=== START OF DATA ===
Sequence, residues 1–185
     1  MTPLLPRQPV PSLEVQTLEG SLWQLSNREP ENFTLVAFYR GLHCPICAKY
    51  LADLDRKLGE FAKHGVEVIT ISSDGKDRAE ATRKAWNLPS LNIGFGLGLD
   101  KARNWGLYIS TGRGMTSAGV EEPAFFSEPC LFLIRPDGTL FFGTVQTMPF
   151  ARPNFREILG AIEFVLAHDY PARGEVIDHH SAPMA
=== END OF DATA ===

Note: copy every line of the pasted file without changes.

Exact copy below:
Sequence, residues 1–185
     1  MTPLLPRQPV PSLEVQTLEG SLWQLSNREP ENFTLVAFYR GLHCPICAKY
    51  LADLDRKLGE FAKHGVEVIT ISSDGKDRAE ATRKAWNLPS LNIGFGLGLD
   101  KARNWGLYIS TGRGMTSAGV EEPAFFSEPC LFLIRPDGTL FFGTVQTMPF
   151  ARPNFREILG AIEFVLAHDY PARGEVIDHH SAPMA